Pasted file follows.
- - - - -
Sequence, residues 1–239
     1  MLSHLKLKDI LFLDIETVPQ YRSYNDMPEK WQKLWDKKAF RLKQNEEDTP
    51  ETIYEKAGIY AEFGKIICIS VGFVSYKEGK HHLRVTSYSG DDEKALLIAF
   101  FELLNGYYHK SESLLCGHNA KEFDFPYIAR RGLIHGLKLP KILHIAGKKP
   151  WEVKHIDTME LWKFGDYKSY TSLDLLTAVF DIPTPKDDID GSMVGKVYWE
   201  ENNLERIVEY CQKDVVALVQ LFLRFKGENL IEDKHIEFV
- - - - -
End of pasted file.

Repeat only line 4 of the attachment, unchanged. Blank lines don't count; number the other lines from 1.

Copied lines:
   101  FELLNGYYHK SESLLCGHNA KEFDFPYIAR RGLIHGLKLP KILHIAGKKP